# Joint longitudinal-survival models with time-dependent effects (non-proportional hazards)

In this post we’ll focus on how to model time-dependent effects (non-proportional hazards), specifically within a joint longitudinal-survival model.

Now joint models are becoming commonplace in medical research, but as always, the fundamentals still matter, and indeed are often ignored. We’re going to look at how to account for time-dependency in both baseline covariates in the survival submodel, and allowing for the association (between the longitudinal and survival models) to vary over time. In my experience, these two assumptions are almost never considered – part of the reason is a lack of software allowing easy application and testing. Let’s remedy that.

First, I recommend you take a read of this introduction to joint models, which defines the standard joint model. Let’s define it here again anyway. Our proportional hazards submodel is, assuming the current value association structure, is

with our longitudinal submodel,

where

and we have our normally distributed random effects,

.

Given the survival submodel is a proportional hazards model, we are making the assumption that both our hazard ratios for the covariates , and the hazard ratio for the effect of our biomarker, , are constant across follow-up time. We can relax these assumptions to allow for non-proportional hazards i.e. by modelling time-dependent effects. First we consider the following model,

where if we assume is a binary treatment variable, we can allow its associated hazard ratio to be time-dependent, by making it a function of

We can fit this model with `merlin`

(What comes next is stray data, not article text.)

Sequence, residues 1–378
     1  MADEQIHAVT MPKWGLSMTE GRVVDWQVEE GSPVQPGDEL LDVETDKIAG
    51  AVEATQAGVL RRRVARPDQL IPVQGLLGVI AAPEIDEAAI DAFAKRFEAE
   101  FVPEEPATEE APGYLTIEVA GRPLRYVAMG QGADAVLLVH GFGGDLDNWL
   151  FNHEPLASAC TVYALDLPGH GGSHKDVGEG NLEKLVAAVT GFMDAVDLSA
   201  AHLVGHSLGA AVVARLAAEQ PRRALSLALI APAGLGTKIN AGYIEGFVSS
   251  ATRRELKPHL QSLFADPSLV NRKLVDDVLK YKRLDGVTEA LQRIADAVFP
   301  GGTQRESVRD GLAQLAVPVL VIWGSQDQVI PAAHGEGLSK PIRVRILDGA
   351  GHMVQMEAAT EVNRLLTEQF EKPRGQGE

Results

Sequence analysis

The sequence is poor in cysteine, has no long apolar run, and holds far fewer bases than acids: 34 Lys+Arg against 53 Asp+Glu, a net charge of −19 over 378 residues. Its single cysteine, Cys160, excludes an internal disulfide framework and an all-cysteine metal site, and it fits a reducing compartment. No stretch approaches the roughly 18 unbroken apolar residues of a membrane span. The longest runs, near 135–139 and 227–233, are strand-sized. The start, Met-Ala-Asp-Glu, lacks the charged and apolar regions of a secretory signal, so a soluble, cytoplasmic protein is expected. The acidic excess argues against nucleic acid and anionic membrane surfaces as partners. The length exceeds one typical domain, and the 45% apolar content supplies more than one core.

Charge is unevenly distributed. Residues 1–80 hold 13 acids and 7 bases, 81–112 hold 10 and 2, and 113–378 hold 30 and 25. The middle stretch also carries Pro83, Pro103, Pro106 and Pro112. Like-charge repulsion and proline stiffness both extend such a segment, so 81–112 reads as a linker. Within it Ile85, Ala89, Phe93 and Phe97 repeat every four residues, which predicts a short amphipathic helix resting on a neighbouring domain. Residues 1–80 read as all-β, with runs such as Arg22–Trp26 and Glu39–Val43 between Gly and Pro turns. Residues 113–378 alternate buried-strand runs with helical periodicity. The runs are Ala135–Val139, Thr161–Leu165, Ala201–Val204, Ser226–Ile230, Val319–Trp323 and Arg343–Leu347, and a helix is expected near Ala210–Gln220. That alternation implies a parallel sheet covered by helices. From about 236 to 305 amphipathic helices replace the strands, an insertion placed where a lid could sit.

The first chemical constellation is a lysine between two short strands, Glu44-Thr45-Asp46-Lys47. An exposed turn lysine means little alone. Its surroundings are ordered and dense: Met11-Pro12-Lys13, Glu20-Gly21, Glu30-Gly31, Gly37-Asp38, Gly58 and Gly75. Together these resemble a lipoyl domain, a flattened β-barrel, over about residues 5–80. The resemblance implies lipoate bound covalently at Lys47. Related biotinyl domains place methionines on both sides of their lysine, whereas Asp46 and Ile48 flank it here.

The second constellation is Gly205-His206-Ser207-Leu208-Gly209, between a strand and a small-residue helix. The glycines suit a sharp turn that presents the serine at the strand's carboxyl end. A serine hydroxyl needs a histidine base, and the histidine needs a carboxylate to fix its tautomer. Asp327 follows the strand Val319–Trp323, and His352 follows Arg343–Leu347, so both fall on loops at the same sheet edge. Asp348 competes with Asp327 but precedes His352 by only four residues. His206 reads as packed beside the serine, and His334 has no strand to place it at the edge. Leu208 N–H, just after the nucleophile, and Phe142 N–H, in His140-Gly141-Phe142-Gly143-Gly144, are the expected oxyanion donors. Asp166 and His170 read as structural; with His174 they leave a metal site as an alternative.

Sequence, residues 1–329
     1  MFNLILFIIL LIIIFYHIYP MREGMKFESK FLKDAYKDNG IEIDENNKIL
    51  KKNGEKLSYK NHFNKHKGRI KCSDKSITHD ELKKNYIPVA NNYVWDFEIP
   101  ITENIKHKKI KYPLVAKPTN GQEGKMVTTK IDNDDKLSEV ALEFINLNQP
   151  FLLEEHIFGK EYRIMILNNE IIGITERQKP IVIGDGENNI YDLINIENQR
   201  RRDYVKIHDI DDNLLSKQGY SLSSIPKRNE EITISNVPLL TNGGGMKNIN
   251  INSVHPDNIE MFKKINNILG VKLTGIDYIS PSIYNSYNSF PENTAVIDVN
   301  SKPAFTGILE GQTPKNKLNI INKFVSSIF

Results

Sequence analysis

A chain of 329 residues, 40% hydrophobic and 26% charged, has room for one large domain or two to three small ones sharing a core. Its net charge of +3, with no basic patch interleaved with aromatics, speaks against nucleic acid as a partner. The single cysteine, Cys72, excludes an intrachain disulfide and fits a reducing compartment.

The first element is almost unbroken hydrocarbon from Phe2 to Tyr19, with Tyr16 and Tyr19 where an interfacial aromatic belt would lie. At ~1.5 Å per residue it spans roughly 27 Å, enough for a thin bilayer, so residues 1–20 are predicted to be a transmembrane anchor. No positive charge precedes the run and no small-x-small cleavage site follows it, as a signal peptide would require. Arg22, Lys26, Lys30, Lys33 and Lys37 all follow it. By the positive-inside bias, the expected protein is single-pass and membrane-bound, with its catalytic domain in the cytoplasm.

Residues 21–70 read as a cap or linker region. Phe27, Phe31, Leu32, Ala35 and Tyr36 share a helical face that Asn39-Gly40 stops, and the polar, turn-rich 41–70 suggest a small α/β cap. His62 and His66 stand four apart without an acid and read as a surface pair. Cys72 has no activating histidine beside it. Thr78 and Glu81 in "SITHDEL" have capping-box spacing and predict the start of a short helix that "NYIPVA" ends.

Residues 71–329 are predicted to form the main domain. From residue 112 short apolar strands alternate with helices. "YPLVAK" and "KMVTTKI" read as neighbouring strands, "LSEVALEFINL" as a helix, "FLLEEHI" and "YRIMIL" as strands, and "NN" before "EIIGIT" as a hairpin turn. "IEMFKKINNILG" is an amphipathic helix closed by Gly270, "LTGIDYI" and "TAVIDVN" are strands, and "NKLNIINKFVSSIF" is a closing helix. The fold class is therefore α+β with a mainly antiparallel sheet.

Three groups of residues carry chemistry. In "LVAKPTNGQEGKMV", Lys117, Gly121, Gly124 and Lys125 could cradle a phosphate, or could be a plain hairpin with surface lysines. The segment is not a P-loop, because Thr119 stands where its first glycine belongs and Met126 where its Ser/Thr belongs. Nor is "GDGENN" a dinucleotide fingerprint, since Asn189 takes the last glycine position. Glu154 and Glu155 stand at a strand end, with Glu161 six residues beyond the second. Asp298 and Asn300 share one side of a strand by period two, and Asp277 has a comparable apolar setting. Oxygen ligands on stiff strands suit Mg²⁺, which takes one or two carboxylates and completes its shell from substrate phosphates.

as follows,

```
. //load example dataset
. use https://www.mjcrowther.co.uk/data/jm_example.dta, clear
(Example dataset for joint modelling, Michael Crowther 2011)
. //estimate our joint model
. merlin (stime /// surv. time
> trt /// treatment
> trt#fp(stime,pow(0)) /// treatment x log(time)
> EV[logb] /// current val.
> , family(weibull, failure(died)) /// surv. dist.
> timevar(stime)) /// timevar
> (logb /// biomarker
> time /// fixed linear time
> time#M2[id]@1 /// random linear trend
> M1[id]@1 /// random intercept
> , family(gaussian) /// distribution
> timevar(time)) // timevar
variables created for model 1, component 2: _cmp_1_2_1 to _cmp_1_2_1
Fitting fixed effects model:
Fitting full model:
Iteration 0: log likelihood = -3147.3991
Iteration 1: log likelihood = -2305.8791
Iteration 2: log likelihood = -2276.4815
Iteration 3: log likelihood = -1932.9473
Iteration 4: log likelihood = -1932.1891
Iteration 5: log likelihood = -1932.1887
Iteration 6: log likelihood = -1932.1887
Mixed effects regression model Number of obs = 1,945
Log likelihood = -1932.1887
------------------------------------------------------------------------------
| Coefficient Std. err. z P>|z| [95% conf. interval]
-------------+----------------------------------------------------------------
stime: |
trt | .1236873 .2526511 0.49 0.624 -.3714998 .6188744
trt#fp() | -.0929626 .1662177 -0.56 0.576 -.4187434 .2328182
EV[] | 1.261099 .0955683 13.20 0.000 1.073788 1.448409
_cons | -4.50861 .3321885 -13.57 0.000 -5.159687 -3.857532
log(gamma) | .0631754 .1101581 0.57 0.566 -.1527305 .2790813
-------------+----------------------------------------------------------------
logb: |
time | .1690605 .013109 12.90 0.000 .1433674 .1947537
time#M2[id] | 1 . . . . .
M1[id] | 1 . . . . .
_cons | .4993858 .0595809 8.38 0.000 .3826093 .6161623
sd(resid.) | .345686 .006619 .3329534 .3589055
-------------+----------------------------------------------------------------
id: |
sd(M1) | 1.026386 .0433006 .9449323 1.114861
sd(M2) | .1805098 .0123637 .1578334 .2064441
------------------------------------------------------------------------------
```

where `trt#fp(stime,pow(0))`

forms an interaction between our binary treatment variable, `trt`

, and a fractional polynomial of time, with power 0, which gives us the log of time, as desired.

We can also relax the proportional hazards assumption on our association parameter, as follows,

which can be fitted using,

```
. //estimate our joint model
. merlin (stime /// surv. time
> trt /// treatment
> EV[logb] /// current val.
> EV[logb]#fp(stime,pow(0)) /// curr. val. x log(time)
> , family(weibull, failure(died)) /// surv. dist.
> timevar(stime)) /// timevar
> (logb /// biomarker
> time /// fixed linear time
> time#M2[id]@1 /// random linear trend
> M1[id]@1 /// random intercept